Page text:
The Japan Foundation Japanese-Language Education Bulletin - Vol.2 Summary

Research Papers

A Case Study of Teaching “the Rules of Turning Indonesian di-Sentences into Japanese Passive Sentences” to Indonesian University Students


Most Indonesian students think Japanese passive sentences and Indonesian “di-sentences” are the same thing, because this “di-sentence” is called “passive” in Indonesian grammar. Tanaka (1991) pointed out that they are not the same and proposed “the rules of turning Indonesian di-sentences into Japanese passive sentences.” Tanaka’s insight might be right, but should we teach these “rules” in classes? and will they work?
To answer these questions, the authors observed the compositions of the university students and concluded that mastering “the rules” would be difficult without instruction. Then they conducted tests on control and experimental groups to investigate the effectiveness of the instruction and found that explicit instruction will work on the spot but that it is soon forgotten. They also suggested that implicit instruction may work if the rules are taught over and over again, although we need more investigation to find the best way of instruction.

Acquisition of Vocabulary for Specific Purpose in the Japanese-Language Program for Foreign Service Officers and Public Officials


This paper aims to examine how beginner-level learners of the Japanese-Language Course for Foreign Service Officers and Public Officials acquire “Vocabulary for Specific Purpose (VSP).” Two analyses were conducted using oral-test manuscript data, and speech manuscripts written in an oral-presentation course:
1) we examined the appearance of VSP in oral-test manuscripts; 2) we compared and examined the speech manuscripts and oral-test manuscripts.
The results show that even beginner-level learners can acquire VSP at performance level. Moreover, the topic range and the characteristics in usage in each level were specified. “Repeated learning environment” in oral presentation course and the organic link with other subjects seems to affect the acquisition of VSP.
These results should contribute to set the goal of VSP for learners and could also be a guide for material development and course design for teachers.

The Significance of Resource Gathering Activities through the Collaboration of Non-Native Teachers of Japanese and Volunteer High-School Students.
-Focusing on the Awareness of Volunteer High-School Students-

KITANI Naoyuki, MAEDA Tsunaki

The Japan Foundation Japanese-Language Institute, Urawa, provides cultural exchange programs for non-native teachers of Japanese. Teachers gather resources for making teaching materials with the support of volunteer students from local high schools.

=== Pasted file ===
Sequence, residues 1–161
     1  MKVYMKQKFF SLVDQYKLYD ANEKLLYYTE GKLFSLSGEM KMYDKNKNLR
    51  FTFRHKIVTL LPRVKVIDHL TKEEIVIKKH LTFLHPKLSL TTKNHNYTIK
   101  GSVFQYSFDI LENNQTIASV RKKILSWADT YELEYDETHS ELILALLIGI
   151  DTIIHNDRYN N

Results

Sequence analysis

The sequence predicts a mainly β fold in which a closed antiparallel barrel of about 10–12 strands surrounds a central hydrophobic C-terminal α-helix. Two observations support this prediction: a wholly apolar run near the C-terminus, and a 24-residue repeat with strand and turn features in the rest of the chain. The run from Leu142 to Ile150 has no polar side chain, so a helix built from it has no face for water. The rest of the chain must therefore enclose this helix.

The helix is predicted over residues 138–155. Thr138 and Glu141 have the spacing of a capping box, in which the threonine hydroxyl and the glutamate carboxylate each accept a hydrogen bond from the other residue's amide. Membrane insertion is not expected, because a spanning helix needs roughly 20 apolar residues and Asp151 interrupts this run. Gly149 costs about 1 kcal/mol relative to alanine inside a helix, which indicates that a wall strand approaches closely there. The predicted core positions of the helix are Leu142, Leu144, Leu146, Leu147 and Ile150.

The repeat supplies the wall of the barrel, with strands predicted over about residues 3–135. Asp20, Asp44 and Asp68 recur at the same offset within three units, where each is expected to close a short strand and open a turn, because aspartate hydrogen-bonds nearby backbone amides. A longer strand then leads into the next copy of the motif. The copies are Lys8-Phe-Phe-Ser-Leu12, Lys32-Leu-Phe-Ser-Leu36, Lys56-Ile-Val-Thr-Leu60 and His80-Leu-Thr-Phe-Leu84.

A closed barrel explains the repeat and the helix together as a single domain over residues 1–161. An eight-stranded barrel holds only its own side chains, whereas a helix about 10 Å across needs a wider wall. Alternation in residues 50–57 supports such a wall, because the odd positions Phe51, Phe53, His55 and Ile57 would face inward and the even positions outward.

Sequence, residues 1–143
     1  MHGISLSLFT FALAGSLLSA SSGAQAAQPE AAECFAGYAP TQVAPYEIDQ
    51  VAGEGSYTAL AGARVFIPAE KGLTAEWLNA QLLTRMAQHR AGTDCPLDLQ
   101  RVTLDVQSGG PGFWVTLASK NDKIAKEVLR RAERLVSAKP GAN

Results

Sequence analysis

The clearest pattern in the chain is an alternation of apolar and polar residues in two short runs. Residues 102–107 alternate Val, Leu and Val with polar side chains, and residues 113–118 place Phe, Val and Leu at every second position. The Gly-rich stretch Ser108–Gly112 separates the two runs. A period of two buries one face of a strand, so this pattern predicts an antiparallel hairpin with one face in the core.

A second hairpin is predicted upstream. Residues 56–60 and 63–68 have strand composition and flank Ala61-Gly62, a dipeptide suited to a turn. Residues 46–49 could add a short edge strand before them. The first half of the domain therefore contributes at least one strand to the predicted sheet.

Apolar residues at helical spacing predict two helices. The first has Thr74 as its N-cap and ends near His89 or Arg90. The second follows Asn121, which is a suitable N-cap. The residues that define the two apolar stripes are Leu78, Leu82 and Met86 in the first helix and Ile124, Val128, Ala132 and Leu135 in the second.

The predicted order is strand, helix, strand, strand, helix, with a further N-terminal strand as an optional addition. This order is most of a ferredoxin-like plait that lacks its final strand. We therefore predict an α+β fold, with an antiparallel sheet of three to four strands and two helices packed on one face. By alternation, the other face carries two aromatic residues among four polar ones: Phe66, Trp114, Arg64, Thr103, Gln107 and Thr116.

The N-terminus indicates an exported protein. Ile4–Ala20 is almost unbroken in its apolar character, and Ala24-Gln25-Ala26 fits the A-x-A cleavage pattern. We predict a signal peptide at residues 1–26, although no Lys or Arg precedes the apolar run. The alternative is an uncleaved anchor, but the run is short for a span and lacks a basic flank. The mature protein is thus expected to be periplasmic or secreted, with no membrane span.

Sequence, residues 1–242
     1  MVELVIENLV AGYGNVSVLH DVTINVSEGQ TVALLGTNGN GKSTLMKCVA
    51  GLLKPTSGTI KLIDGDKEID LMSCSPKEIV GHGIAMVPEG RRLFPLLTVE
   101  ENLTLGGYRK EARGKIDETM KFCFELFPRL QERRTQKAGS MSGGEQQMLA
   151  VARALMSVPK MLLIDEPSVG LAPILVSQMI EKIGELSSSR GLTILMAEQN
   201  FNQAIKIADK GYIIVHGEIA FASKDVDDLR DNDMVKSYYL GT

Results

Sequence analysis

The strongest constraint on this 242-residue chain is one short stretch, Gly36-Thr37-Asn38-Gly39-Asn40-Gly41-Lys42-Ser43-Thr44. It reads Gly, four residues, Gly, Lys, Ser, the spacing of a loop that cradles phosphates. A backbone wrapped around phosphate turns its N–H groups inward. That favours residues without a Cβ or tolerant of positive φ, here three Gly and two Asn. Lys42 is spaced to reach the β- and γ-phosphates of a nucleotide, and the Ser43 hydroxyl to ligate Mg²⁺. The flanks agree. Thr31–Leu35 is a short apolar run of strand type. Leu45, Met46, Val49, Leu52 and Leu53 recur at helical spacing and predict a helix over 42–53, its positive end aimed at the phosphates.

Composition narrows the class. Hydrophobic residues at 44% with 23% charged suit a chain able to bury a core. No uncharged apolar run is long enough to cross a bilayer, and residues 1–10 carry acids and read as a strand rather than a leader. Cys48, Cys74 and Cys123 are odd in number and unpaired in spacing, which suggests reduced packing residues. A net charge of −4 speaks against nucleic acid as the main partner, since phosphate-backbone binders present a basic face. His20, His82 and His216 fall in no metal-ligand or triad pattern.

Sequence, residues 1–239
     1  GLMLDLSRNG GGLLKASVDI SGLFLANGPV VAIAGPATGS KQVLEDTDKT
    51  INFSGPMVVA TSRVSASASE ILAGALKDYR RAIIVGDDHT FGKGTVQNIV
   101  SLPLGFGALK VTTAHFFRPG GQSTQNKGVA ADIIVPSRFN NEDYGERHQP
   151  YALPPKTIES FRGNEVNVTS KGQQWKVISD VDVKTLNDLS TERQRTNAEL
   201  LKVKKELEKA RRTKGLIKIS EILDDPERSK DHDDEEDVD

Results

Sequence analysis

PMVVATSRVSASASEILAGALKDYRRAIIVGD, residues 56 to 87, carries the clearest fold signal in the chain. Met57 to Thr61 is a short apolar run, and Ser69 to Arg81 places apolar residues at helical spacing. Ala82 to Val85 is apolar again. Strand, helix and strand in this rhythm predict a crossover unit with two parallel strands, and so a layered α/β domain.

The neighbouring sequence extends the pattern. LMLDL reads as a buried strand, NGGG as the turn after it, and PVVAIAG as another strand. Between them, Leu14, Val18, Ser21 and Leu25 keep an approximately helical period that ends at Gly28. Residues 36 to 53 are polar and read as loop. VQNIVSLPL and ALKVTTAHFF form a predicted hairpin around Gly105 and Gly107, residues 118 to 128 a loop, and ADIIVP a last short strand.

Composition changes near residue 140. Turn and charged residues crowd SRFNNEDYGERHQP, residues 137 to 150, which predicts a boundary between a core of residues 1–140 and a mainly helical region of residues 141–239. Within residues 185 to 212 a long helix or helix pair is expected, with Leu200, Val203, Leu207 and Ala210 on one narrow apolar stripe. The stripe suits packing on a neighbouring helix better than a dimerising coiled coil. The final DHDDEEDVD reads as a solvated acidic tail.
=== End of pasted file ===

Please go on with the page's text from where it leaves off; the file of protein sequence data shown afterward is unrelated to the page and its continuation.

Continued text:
The change of awareness of the students, who participated in collaborative activities with the teachers, was examined through analyzing their comments in questionnaires and interviews. Three main findings are:
1) Students found new meanings and values in familiar things and events through the differing perspectives of the teachers.
2) Students acquired a new awareness about how to communicate with others through interaction with the teachers.
3) Students experienced “learning based on constructivism” through participation in various activities away from their ordinal school restraints (timetables, classrooms, and roles as students).
For further development of these programs, the following issues are needed:
1) More students’ involvement in the process of making teaching materials
2) Follow-up research on teachers’ self-evaluation of their materials

Report on the Social-Contextualization of Japanese-Language
Teaching in “Isolated Circumstances”
-A Case Study on Activities in the Uzbekistan Japan Center for Human Development-


The purpose of this paper is to demonstrate course design for Japanese-language education in “isolated circumstances”, which implies the absence of a Japanese-language community, the lack of a chance to go to Japan for a trip or study, and radically differs from that in Japan or countries having comparatively strong relations with Japan. The authors consider learners’ self-realization as the one of the main learning objectives, and aim for Japanese-language teaching, supporting the learners’ self-realization through socialcontextualization. The activities in the Uzbekistan Japan Center for Human Development are reported, as they are based on the idea mentioned above.

Considerations on Japanese-Language Learners’ Beliefs in the Universities of the Philippines and the Manila Metropolitan Area
-From a Viewpoint of the Historical / Social Background-